Randomised Controlled Trial of Intrauterine Device Safety in women living with HIV

(A report back on Catherine Todd's session - Randomised Controlled Trial of Intrauterine Device Safety in women living with HIV)

Intrauterine contraceptive devices both Copper containg IUD (C-IUD) & progesterone containing IUD (LNG-IUD) are under utilised in HIV high prevalence settings.  LNG-IUD efficacy has been under contraversy with EFV containing ART regimens. 

LNG-IUD has additional therapeutic benefits for dysfunctional bleeding.

This RCT was conducted in South Africa from Oct 2015 to Dec 2017 in HIV positive females aged 18-40 years.  Eligible subjects were stratified by ART use at entry and randomised to an IUD.  Subjects not on ART had CD4 over  ART initiation level and those on ART were suppressed. All had baseline, 6, 12, 18 and 24 months assessments.

IUCD continuation was 74% at 24 months. Expulsion was higher with Cu- IUCD (8% v 1%).  Discontinuation was higher with C-IUD largely due to side effects of pain and bleeding (HR=8.75, 95% CI 3.08-24.8).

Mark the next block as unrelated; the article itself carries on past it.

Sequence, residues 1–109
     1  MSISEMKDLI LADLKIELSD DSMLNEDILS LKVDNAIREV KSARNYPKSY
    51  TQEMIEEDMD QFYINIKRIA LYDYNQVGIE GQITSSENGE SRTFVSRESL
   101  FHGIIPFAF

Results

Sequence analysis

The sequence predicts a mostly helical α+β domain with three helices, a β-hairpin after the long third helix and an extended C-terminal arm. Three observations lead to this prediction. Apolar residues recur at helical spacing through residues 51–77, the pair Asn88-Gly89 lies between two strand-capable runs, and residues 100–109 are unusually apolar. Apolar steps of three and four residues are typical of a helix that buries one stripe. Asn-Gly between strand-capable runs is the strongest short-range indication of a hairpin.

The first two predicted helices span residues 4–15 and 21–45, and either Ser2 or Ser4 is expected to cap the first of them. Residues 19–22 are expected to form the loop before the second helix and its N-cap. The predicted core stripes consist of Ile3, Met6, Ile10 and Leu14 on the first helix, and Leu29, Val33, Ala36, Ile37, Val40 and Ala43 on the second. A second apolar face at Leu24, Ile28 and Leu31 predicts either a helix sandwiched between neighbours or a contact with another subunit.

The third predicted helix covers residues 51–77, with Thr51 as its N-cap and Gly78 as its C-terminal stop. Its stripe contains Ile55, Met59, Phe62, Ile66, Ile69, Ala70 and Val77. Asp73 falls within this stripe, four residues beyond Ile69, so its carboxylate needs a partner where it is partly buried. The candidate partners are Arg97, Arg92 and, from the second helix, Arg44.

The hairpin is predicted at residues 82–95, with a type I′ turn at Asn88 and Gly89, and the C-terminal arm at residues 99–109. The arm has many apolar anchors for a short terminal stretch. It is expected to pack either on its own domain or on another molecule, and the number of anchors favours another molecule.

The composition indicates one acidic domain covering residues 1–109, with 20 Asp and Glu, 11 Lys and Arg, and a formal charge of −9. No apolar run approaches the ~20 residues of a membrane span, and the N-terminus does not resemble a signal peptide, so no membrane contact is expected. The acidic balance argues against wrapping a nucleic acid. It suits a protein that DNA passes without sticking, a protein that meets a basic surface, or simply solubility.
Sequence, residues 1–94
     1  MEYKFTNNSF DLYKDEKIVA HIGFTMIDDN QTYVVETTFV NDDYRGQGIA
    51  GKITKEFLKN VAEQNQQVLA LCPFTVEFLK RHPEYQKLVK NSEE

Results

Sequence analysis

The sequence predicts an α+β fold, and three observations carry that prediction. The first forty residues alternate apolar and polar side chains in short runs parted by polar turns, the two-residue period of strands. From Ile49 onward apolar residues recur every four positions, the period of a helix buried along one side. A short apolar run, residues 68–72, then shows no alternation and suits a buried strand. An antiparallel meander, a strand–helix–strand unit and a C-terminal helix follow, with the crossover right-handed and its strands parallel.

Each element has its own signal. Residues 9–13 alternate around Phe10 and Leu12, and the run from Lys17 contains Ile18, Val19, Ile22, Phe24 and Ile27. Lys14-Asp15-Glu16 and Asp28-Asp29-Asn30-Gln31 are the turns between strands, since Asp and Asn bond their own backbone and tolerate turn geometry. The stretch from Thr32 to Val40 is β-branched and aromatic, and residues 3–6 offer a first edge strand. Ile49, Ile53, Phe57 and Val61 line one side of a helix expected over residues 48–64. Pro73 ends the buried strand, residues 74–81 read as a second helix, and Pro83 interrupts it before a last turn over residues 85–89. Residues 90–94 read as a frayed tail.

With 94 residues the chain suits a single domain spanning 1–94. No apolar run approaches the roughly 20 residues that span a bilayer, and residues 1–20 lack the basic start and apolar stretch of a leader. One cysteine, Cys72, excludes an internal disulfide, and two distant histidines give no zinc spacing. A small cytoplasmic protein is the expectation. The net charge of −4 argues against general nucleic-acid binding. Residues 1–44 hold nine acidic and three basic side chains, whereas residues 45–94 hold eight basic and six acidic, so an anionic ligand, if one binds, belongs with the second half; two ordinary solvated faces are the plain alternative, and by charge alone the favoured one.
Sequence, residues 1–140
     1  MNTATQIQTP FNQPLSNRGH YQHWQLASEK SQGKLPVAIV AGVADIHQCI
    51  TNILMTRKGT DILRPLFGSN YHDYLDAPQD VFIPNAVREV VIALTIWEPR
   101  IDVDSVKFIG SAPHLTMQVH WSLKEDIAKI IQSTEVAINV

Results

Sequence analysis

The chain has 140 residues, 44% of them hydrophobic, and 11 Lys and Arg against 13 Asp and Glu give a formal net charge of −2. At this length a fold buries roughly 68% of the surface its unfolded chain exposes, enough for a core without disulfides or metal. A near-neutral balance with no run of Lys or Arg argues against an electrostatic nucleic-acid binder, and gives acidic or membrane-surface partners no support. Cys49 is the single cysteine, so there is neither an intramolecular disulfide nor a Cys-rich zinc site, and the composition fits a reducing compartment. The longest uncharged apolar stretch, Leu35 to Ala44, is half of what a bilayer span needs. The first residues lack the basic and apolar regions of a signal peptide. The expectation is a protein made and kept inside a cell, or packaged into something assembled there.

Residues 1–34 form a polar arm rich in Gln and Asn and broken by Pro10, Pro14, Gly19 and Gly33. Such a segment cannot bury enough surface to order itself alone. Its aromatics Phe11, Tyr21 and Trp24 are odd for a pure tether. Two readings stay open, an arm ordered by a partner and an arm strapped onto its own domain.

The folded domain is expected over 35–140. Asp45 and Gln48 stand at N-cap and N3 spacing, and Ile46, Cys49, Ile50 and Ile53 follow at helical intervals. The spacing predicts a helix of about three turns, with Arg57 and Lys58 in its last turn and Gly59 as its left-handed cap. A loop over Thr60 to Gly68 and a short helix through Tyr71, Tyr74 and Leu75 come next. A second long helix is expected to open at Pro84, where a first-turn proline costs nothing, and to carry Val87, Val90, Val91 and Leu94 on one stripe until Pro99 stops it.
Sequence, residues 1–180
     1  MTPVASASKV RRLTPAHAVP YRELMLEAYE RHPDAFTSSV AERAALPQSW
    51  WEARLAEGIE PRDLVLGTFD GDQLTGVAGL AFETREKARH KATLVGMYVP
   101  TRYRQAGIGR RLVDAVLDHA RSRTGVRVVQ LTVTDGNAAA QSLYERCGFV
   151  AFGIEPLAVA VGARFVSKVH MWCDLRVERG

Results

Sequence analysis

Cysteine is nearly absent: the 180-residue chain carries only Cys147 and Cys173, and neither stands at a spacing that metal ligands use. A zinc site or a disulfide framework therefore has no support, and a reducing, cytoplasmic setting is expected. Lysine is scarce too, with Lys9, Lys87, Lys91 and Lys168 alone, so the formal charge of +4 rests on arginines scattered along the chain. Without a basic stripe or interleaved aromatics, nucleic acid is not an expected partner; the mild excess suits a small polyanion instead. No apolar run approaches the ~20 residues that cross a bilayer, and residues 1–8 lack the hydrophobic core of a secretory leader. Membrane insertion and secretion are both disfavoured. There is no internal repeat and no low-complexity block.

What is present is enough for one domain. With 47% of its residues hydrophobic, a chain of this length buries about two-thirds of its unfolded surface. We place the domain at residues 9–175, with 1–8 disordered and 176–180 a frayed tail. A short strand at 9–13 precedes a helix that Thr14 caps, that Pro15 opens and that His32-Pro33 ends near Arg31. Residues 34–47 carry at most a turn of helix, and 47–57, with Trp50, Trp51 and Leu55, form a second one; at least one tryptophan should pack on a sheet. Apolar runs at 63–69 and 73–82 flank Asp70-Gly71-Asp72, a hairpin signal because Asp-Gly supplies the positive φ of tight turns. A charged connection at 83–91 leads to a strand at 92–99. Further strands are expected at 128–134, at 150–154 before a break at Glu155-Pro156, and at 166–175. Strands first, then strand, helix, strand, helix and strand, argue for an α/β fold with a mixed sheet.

Low pregnancy and PID rates were seen despite a high background repoducive tract infection rateswith no significant differences between the groups.

There was no significant difference in genital HIV RNA shedding or plasma viral load in all four groups which was the primary outcome measure.

Limitations of the study included small sample size, differential discontinuation between the two types of IUD and early sensoring of the pre-ART group when they commenced ART after the first 6 months. 

This RCT information is a very important addition to the existing body of information and is very relevant to all settings.

IUDs are under utilised in Australia for contraception in my view. LNG-IUD also has additional benefits with menstruation.  This RCT (according to the author, the first in this setting)  should encourage  more clinicians  to use IUDs, in  particular LNG-IUDs.  I will most certainly continue to offer  IUDs especially LNG-IUDs to my HIV positive  patients.


Author bio: Mekala Srirajalingam has dual qualifications in Sexual Health Medicine (AChSHM) and Public Health Medicine (FAFPHM) and works at The Ipswich Sexual Health Service, Queensland, Australia .  Mekala also holds the academic title of Senior Lecturer with The University of QLD.